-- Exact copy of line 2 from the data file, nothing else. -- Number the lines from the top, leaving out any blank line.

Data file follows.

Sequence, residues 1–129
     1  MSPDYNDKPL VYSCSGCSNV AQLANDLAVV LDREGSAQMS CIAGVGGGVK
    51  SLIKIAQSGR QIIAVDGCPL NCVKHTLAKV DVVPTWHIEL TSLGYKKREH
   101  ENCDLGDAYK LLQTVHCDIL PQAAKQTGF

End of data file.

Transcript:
     1  MSPDYNDKPL VYSCSGCSNV AQLANDLAVV LDREGSAQMS CIAGVGGGVK